Woman who lost ‘wonderful husband,’ 58, in Tunisia terror attack says ‘time passes’ but the ‘family’s grief doesn’t’ as she speaks out on fifth anniversary
- Cheryl Stollery lost husband John, 58, in Tunisia terror attack on 26 June 2015
- The couple from Nottinghamshire were on holiday with son Matt at the time
- Cheryl has spent years campaigning for lessons to be learned from the atrocity
- Has also been campaigning to improve support available for grieving families
A British woman whose husband died in the Tunisia terror attack says that ‘while time passes’ the ‘family’s grief doesn’t’ as she speaks out on the fifth anniversary of the atrocity.
A total of 38 holidaymakers, including 30 British holidaymakers, were killed in the attack at the Imperial Marhaba Hotel in Sousse on 26 June, 2015 – including Cheryl Stollery’s husband John, 58.
The couple from Nottinghamshire were on holiday with their son Matt when the attack took place.
Cheryl, whose husband was shot dead next to her as they tried to flee, has spent the last few years campaigning for lessons to be learned from what happened as well as improving the support available for grieving families.
Cheryl Stollery, from Nottinghamshire, lost husband John, 58 (pictured together), in the Tunisia terror attack at the Imperial Marhaba Hotel in Sousse on 26 June, 2015
‘I remain as committed as ever to bring about effective change to help all victims and survivors of terrorism but in particular overseas victims,’ she explained.
‘These families can often be forgotten as time progresses. However, our need for support is quite often more complicated by the nature of the terrorist incident taking place overseas where different laws, languages and customs are in place.’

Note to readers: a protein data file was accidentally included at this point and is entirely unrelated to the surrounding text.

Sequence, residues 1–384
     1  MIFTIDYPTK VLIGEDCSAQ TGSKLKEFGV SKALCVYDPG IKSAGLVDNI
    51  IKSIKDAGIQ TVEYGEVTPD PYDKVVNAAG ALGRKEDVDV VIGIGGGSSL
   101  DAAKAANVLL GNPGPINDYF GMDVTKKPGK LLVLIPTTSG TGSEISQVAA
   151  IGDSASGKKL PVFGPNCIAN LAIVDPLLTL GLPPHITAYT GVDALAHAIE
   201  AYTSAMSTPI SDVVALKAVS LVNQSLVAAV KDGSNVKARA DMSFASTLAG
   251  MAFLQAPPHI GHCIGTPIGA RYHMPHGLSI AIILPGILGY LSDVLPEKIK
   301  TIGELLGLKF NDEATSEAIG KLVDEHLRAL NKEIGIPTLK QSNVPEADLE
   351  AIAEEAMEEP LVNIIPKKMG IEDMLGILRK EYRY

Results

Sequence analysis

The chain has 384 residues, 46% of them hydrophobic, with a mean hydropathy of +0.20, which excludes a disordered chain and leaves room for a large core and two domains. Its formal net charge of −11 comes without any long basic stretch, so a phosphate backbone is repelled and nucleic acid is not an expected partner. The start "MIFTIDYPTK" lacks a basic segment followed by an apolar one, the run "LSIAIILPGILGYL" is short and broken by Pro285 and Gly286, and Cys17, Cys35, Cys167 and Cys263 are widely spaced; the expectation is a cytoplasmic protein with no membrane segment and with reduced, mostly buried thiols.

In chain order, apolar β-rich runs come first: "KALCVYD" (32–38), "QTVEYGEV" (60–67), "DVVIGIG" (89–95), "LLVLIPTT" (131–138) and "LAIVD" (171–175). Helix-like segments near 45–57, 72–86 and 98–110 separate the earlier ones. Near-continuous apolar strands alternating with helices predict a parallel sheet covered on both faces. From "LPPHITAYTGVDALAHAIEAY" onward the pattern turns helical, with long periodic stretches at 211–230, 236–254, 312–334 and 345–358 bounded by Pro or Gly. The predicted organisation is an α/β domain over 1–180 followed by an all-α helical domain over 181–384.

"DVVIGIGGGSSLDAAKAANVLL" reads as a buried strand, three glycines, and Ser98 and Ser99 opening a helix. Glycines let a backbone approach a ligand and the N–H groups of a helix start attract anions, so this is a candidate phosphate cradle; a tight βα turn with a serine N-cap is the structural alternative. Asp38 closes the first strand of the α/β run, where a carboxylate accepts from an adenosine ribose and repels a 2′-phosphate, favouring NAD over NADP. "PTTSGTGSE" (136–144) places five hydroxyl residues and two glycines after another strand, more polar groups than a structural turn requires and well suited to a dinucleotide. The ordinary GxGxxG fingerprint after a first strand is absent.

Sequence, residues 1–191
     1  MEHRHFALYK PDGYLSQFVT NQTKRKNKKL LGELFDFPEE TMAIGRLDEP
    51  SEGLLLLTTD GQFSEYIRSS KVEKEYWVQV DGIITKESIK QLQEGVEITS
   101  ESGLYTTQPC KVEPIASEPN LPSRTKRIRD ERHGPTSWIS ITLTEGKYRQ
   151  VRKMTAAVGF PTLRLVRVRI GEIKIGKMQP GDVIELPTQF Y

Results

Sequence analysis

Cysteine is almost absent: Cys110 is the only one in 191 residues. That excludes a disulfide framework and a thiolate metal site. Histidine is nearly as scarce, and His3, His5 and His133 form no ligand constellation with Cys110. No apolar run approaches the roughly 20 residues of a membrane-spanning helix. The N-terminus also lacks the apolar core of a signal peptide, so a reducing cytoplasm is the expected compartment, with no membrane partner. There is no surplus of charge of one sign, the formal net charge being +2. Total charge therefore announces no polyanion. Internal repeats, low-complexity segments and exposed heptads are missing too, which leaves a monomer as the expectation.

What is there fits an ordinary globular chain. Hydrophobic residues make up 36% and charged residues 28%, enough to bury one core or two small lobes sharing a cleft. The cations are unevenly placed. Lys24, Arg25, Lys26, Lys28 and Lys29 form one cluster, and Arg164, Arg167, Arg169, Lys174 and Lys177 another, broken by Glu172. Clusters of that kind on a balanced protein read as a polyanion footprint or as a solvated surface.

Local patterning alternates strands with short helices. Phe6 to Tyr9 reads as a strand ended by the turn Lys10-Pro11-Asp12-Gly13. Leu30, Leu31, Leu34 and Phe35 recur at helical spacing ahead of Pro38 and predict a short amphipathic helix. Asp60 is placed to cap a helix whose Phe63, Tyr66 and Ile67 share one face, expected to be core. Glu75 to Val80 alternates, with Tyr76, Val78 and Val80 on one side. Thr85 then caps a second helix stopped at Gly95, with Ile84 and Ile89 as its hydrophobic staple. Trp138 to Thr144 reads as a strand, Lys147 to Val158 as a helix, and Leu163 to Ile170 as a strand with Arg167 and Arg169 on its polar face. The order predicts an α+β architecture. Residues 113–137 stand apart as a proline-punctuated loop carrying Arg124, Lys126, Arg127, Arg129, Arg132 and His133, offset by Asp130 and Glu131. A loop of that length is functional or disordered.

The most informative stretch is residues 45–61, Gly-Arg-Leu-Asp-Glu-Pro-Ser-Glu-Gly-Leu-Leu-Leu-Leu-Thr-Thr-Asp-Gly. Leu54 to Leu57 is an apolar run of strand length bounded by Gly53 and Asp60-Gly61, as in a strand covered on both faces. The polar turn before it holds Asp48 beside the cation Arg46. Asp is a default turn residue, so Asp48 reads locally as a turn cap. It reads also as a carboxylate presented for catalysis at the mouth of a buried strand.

Cheryl has been working with the Foreign and Commonwealth Office, charities and campaign groups the Counter-Terrorism Advisory Network and the Counter-Terrorism Victim and Survivors group.
John worked with children in care at Nottinghamshire County Council, and his wife said ‘he made a difference and gave his best to others.’
She added: ‘While time passes our family’s grief for John doesn’t. He was a wonderful husband and father who always wanted the best, not only for our family but others in society through his job as a social worker.
‘We are determined to honour his legacy by campaigning for change to create a more tolerant and cohesive society.
John (pictured), a social worker, worked with children in care at Nottinghamshire County Council
‘We never want other families to go through what we have but it’s important that there is better awareness and understanding of the support available to families who may need it if the worst did happen.
‘It’s vital to ensure that all agencies and organisations work together to help make a positive change.’
In 2017 an inquest into the deaths of the 30 Britons killed concluded they were unlawfully killed. In 2019 a number of conspirators were jailed in Tunisia for their role in the Sousse attack.
Law firm Irwin Mitchell represents the families of 22 Britons who lost their lives as well as more than 50 Britons, many of whom suffered life changing injuries including gunshot and shrapnel wounds.
Kylie Hutchison, a specialist international serious injury lawyer at Irwin Mitchell and one of the team of lawyers at Irwin Mitchell representing victims, commented: ‘The hurt and pain families continue to face is as strong now as it was five years ago.
‘Many of our clients still face challenges to overcome the physical and psychological trauma of what they have been through.
‘We are continuing to support families and are pursuing legal proceedings against TUI, the tour operator that organised our clients’ holidays. Allegations against TUI include multiple failures in security measures at the Tunisian hotel.
‘Our clients may mark the fifth anniversary in their own way, but they are united in their determination for lessons to be learned to improve safety standards for tourists.’
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